Anyone Who Says Cruising Is Boring Is Doing It Wrong

26 January 2016
Read Time: 2.9 mins

"So you're saying I can order room service, whenever I want, for free?" I say incredulously to my exuberant steward, Kanit. He nods with bemusement. He must get that a lot.

I wouldn't say I was a cruise critic (more like cruise rookie) but with an unexpected extra like free food delivered to your room 24/7, I'm not sure why anyone would criticise a holiday at sea. I had almost 48-hours to experience all that the Golden Princess had to offer and I wasn't going to waste a second.

Travel Inspiration Golden Princess arrives in Melbourne (image: Princess Cruises)

At 108,865-tonnes, Golden Princess is the largest ship ever to dock in Melbourne, the base for her maiden Australian cruise season. She made quite the entrance to Victoria's capital, arriving in the glow of sunrise behind two gigantic, 20,000 foot-square metre golden curtains.

Stretching 290 metres long by 40.5 metres wide, Golden Princess is one voluptuous royal. She's elegant, but accessible; comfortable, but sophisticated.

Travel Inspiration Space galore in a Balcony Stateroom

And when you're talking about balcony staterooms, spoiled is an understatement. At 21-square-metres, there's more than enough room to move, settle in and of course, unpack just once.

Light floods in from a private veranda, an unbeatable spot to enjoy the aforementioned room service. A cushy, cloud-like bed and the gentle sway of the ocean mean falling asleep comes easily. Especially coupled with non-stop reruns of TV classic The Love Boat (set mostly on Princess ships, for those of you playing at home).

Travel Inspiration Most of the action happens on the upper deck (image: Anna Howard)

Each evening, a four-page, jam-packed 'Princess Patter' newsletter is delivered to your room. The ship's schedule features the goings on, from sun-up to sun-down.

Think singles meet-ups, bowls, arts and crafts, yoga classes, line dancing, trivia challenges, bingo, wacky pool games, Movies Under the Stars, comedy shows, stage productions and so much more. Art auctions, jewellery sales and a duty-free store mean keen spenders can also splash the cash if they so wish.

While Princess cruisers are generally in an older demographic, there's something for all ages. Kids clubs offer countless activities to keep tots and teens alike amused.

The Golden Princess may be a more mellow affair than other liners, but its Skywalkers Nightclub services night owls seeking a late-night boogie. Unashamedly glitzy and kitsch, this sky-high hangout welcomes revellers by travelator. Talk about making an entrance.

Travel Inspiration This way to the dancefloor... (image: Princess Cruises)

Needless to say, it's not hard to work up an appetite, and an appetite is just what you'll need if you're going to do the dining rooms justice.

The Horizon Court buffet is a constant procession of ever changing dishes and sweet treats, as are the main dining rooms and speciality restaurants.

Princess Cruises sizzles at sea with chef Curtis Stone

Whisky aficionados rejoice! Princess Cruises launches whisky bar

A golden welcome for the Golden Princess in Melbourne

Breakfast, morning tea, pre-lunch, lunch, afternoon tea, aperitifs, dinner and supper – you can really go overboard (sorry, not sorry) on the food front. 'Anytime dining' at Donatello and Bernini restaurants means you only need heed the call of your stomach, but seasoned cruisers may prefer a set dining schedule.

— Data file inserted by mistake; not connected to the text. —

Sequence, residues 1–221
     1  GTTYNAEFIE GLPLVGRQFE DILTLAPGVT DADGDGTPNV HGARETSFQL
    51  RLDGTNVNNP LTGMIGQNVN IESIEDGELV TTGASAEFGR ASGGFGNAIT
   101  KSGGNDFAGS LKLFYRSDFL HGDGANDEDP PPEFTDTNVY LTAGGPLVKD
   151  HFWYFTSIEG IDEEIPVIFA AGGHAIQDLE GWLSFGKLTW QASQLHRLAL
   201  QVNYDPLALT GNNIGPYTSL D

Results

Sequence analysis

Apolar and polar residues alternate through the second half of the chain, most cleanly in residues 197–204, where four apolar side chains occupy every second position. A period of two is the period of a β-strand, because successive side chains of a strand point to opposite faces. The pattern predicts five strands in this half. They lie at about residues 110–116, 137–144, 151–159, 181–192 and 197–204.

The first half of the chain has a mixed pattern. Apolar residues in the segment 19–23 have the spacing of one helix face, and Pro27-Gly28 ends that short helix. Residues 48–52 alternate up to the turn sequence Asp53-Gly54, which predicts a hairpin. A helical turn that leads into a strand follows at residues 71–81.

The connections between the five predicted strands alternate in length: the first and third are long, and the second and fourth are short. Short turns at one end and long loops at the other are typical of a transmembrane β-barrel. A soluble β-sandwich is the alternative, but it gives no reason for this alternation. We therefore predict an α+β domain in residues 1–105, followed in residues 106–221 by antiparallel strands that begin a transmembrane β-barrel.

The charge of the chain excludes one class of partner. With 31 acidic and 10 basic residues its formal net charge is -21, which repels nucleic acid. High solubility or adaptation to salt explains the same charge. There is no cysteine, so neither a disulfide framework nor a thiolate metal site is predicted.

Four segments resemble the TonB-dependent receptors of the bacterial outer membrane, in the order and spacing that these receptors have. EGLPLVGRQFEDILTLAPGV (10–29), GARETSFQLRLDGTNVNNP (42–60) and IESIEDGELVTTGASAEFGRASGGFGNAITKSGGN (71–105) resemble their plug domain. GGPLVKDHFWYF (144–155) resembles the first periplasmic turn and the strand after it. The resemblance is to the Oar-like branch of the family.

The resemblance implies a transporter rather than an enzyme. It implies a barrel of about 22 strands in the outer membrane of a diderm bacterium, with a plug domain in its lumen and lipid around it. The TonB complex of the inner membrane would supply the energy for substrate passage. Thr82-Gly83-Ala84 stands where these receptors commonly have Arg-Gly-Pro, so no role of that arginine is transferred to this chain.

Travel Inspiration Dine with a rotating roster of cruisers with anytime dining! (image: Princess Cruises)

What's that saying about too many cooks in the kitchen? Even with 185 chefs working in the galleys, not one of them is spoiling the broth.

Cruise critics may sneer at onboard fare, but Princess Cruises have much to offer even the most discerning, especially in partnership with celebrated chef, Curtis Stone.

The top restaurateur has three 'Crafted by Curtis' menu items in all Princess dining (the roasted pork belly is a firm favourite on this cruise), while his specialty restaurant, SHARE, rolls out on select ships in the fleet from April this year.

Travel Inspiration Crown Grill serves hearty, cook-to-order cuts of steak (image: Princess Cruises)

Other onboard restaurants that charge a premium to dine (a mere $20-25) are Sabatini's and Crown Grill – their made-to-order steaks rival some of the best on dry land. Diet schmiet!

But if you've really got the guilts, there's a fully equipped gym, complete with morning classes if you've had one too many bread rolls with dinner.

I suppose I didn't feel too guilty given I didn't make it onto any of the equipment – as appealing as a 6am workout session is when you're on holiday.

Travel Inspiration The languid surrounds of The Sanctuary (image: Princess Cruises)

Lotus Spa is just next door, a lovely, serene oasis in which you have a bounty of beauty treatments to choose from. My indulgence was a 50-minute facial that had me floating out and straight onto a day bed at The Sanctuary, Princess' adults-only retreat.

This little slice of at-sea serenity is almost like stepping into the Hamptons. Abundant greenery, lemon yellow and ivory details, and Sanctuary staff ready to deliver an array of fresh, healthy spa fare (a small charge) right to your chaise.

So, still think cruising is boring?

The writer travelled onboard Golden Princess on a two-night cruise from Sydney to Melbourne as a guest of Princess Cruises.

Visit your local Flight Centre store or call 131 600 for more advice and the latest Princess Cruise deals.

Anna Howard

Give me street food over Michelin stars, cellar doors over wine bars and small towns and wide open spaces over big cities any day. Travel for me means ticking off the 'to eat and drink' list one regional flavour and wine bottle at a time.